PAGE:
Conversely, what was the greatest challenge you faced while living in community?

A complete absence of administration – the residents had neither responsibilities nor authority. Wheeler Ranch was “open land.” Anyone was welcome to come and do whatever he or she wanted to do, as long as they did not harm others. This was a lovely, very freeing experience, but it was not sustainable. Today’s intentional communities are, well, intentional. People discuss and plan how they will sustain themselves together. They govern themselves, rather than rely on a benevolent dictator (as Bill Wheeler, the owner of Wheeler Ranch, was obliged to be) to make rules and enforce them.







What led you to eventually leave Wheeler Ranch and where did life take you from there?
After my book, Living on the Earth, was published, my world expanded dramatically. I met colleagues in literary realms and in other arts; I met fellow eco-minded homesteaders; I traveled to other countries. Also, contemporaneously with the creation of my illustrated books, I was massively productive as a singer/songwriter, and I was learning and practicing open-tuned guitar. I first visited Hawaii in 1969 (while I was creating my book Living on the Earth), and heard the gorgeous open-tuned guitar music of those islands. I vowed that I would return and learn it. So, after a bunch of my books were published, and I had toured America and Japan, I moved to Hawaii, to learn to play slack key guitar. I stayed 30 years.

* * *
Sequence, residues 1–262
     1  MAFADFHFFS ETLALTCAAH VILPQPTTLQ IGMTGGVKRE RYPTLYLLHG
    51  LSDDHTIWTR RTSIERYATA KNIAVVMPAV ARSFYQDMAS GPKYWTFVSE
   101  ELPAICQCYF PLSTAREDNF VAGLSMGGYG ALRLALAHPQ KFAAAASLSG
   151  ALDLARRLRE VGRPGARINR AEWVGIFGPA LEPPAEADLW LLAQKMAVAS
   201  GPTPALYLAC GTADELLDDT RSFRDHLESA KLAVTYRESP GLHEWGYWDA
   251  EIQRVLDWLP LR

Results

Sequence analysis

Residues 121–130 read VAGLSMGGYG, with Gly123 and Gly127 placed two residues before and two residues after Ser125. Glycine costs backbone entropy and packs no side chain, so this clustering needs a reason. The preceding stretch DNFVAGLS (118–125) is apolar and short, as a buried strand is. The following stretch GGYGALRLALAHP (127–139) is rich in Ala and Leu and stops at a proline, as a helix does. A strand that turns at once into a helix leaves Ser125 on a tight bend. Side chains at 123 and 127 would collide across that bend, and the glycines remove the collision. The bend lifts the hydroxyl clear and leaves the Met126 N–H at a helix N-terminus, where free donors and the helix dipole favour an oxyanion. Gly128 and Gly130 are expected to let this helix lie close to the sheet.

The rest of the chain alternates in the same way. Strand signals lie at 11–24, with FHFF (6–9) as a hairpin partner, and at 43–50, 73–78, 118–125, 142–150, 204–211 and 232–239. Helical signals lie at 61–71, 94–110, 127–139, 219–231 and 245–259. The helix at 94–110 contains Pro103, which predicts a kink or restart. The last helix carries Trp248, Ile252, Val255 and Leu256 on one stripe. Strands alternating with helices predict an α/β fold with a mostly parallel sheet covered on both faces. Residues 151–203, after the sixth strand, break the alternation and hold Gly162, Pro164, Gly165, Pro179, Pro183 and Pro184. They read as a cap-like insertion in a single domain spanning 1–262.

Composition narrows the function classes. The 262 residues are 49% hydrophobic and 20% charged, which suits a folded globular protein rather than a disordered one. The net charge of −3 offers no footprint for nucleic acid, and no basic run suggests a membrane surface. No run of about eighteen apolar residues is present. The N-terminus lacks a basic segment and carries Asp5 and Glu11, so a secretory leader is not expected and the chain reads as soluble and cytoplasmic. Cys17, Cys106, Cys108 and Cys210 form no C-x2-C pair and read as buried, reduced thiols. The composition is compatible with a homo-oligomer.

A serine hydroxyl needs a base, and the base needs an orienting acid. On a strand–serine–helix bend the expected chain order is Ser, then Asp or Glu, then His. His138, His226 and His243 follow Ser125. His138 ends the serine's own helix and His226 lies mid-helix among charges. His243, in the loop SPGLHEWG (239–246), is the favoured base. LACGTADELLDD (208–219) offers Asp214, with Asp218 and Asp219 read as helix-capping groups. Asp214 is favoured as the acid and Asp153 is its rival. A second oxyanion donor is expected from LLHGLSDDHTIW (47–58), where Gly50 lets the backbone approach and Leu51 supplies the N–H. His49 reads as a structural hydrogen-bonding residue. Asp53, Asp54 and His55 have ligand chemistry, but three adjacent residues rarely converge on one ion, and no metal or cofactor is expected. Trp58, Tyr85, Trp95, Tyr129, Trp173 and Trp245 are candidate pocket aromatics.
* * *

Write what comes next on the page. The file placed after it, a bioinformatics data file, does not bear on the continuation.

In what ways have your views and beliefs changed
since your first book, Living on Earth, was published? 
I have become much more politically engaged. Living on the Earth was created during a golden era of US politics, when the 1% paid their fair share of the taxes, and public services were well funded. Today we are living in the shadow of an immense feudal conglomerate of mega-corporations whose agenda is to exploit the resources of the planet using slave labor. Opposing this is just good housekeeping.



What traditional skill do you think is most
important for modern peoples to re-connect with?
The skill that people need most to relearn today is to feed themselves in a way that builds their health.  That means making things "from scratch" using fresh, organically grown ingredients, preferably grown in one's own garden (and we've learned that vertical gardens don't require much acreage!), or from farmers selling at local farmers markets.  It means securing a source of unpolluted water with which to prepare food.  Related, and equally important, is to share these nourishing foods and clean water with others who are not as fortunate to have access to them.    


What accomplishments in your life do you hold most precious? 
I treasure my ongoing process as an artist/musician/writer. I treasure my ongoing education as a participant in this planet. I treasure every bit of peace I have been able to foster within my mind, body, heart and spirit.